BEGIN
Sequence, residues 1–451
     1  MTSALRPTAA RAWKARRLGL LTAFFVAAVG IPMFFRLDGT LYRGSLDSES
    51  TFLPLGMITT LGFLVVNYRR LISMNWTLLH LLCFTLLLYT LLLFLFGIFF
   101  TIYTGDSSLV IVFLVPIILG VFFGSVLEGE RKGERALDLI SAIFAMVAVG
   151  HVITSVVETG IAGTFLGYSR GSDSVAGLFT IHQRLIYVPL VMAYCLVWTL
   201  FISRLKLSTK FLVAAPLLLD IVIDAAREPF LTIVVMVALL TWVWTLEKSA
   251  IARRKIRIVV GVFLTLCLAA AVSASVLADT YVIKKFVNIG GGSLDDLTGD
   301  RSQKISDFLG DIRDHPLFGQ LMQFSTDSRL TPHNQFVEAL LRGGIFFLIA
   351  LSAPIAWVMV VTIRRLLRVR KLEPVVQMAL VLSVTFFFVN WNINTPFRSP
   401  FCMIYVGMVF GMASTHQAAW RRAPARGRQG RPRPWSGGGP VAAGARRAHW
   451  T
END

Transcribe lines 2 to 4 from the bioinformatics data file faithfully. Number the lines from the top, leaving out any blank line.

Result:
     1  MTSALRPTAA RAWKARRLGL LTAFFVAAVG IPMFFRLDGT LYRGSLDSES
    51  TFLPLGMITT LGFLVVNYRR LISMNWTLLH LLCFTLLLYT LLLFLFGIFF
   101  TIYTGDSSLV IVFLVPIILG VFFGSVLEGE RKGERALDLI SAIFAMVAVG